Ju-jitsu is an ancient martial art dating back over 2,000 years and is frequently referred to as a parent art because it encompasses three different "-do" or ways, which are said to originate from ju-jitsu:
Ju-jitsu translates to "gentle art", but don't let that fool you. The "gentle" part is meant more in terms of the defender not needing to exert a lot of energy to effectively defend himself/herself. Ju-jitsu is an extremely effective form of self defense which includes a use of force continuum which ranges from the use of verbal commands to controlling holds to more advanced techniques which can result in severe injury to an attacker.
There are many different styles of ju-jitsu studied around the world. Currently the most famous is arguably Brazilian Ju-Jitsu, made famous by the Gracie family in mixed martial arts competitions. It is a very effective style of the art geared toward competition.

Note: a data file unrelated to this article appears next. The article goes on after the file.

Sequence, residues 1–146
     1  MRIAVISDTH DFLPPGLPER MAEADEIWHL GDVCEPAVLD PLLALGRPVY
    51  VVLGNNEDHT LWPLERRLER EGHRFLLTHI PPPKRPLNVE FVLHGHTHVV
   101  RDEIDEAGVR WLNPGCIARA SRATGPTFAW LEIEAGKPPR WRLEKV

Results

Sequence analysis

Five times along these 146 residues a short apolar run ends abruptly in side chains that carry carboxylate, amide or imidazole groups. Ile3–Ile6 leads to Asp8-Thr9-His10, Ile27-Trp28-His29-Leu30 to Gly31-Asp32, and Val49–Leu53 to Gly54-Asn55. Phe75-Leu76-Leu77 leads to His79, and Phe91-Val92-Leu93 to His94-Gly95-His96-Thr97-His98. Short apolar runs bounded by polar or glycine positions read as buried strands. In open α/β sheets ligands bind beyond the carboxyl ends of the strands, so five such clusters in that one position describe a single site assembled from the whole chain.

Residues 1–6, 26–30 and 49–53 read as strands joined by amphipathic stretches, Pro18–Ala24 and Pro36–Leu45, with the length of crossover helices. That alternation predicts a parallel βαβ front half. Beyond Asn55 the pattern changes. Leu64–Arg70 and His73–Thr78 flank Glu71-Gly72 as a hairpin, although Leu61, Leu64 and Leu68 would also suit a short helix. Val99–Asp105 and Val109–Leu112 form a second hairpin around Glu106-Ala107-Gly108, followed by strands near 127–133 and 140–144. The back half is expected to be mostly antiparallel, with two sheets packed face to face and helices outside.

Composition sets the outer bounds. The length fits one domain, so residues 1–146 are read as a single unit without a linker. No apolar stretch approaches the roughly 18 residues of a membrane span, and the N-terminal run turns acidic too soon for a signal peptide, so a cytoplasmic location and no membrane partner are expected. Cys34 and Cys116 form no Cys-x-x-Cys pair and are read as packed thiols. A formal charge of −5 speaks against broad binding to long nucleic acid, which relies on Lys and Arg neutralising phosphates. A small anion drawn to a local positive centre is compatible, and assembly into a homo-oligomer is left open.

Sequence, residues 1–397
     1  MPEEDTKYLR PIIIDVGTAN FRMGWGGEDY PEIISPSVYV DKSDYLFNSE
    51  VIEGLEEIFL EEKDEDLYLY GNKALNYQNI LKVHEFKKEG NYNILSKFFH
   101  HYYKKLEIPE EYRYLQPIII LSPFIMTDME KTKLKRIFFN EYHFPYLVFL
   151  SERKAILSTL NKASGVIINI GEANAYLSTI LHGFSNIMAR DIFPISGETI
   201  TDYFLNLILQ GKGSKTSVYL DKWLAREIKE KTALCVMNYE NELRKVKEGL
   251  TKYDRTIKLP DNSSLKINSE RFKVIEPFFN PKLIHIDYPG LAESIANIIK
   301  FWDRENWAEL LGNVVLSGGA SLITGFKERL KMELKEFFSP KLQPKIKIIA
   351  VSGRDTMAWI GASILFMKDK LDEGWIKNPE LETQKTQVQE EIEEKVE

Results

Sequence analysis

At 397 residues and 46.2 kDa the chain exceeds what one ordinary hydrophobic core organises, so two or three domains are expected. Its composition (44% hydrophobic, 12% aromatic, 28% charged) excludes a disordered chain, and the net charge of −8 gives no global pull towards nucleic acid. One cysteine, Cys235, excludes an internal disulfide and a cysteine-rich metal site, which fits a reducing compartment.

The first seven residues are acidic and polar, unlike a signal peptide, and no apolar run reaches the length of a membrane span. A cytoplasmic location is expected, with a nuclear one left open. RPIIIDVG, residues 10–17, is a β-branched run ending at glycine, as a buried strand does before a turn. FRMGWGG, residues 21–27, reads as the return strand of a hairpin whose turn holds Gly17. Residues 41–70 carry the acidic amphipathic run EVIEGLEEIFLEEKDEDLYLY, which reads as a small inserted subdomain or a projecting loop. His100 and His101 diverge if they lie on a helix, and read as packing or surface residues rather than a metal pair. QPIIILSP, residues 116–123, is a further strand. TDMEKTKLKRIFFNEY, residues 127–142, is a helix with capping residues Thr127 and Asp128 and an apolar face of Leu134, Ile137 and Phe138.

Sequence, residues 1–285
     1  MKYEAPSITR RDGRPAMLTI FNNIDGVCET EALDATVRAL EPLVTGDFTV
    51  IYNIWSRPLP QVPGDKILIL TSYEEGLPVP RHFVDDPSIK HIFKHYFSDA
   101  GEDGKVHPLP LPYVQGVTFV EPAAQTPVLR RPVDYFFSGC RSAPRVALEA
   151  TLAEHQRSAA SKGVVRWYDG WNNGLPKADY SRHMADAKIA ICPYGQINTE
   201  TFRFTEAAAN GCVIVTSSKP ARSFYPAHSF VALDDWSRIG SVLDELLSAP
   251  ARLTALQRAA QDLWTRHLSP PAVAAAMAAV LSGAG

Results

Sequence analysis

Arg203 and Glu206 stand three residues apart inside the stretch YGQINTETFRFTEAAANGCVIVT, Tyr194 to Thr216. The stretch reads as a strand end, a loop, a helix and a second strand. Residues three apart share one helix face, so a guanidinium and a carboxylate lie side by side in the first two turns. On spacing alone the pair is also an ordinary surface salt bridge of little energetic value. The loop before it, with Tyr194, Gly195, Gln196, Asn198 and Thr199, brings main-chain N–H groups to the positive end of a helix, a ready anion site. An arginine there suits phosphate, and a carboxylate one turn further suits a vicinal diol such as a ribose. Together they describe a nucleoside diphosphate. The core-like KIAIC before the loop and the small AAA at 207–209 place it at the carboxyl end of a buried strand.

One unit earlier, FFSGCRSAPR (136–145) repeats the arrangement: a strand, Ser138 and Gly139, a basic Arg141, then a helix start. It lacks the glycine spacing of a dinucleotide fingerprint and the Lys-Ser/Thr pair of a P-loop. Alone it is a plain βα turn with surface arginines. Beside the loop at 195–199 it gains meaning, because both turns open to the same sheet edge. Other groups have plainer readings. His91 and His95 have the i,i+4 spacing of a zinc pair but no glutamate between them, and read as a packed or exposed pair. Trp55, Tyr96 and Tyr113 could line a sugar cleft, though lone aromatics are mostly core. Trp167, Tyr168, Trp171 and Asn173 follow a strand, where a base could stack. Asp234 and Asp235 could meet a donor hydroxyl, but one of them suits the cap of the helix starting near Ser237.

The style (or ryu) practiced at Baltimore School of Self Defense is Budoshin Ju-Jitsu, which is based on traditional Japanese ju-jitsu. Budoshin Ju-Jitsu focuses on practical self defense rather than sport. It emphasizes holds, joint locks, blocking, striking, throws, takedowns, and using an attackers size, force, and momentum against him/her.
Budoshin Ju-Jitsu was founded by George Kirby and Bill Fromm. For more information on this ryu, please visit www.budoshin.com.
Professor Kirby has written several books on ju-jitsu, including his "Big Book". The two most important books to start your training are the following:
Ju-Jitsu: Basic Techniques of the Gentle Art, by George Kirby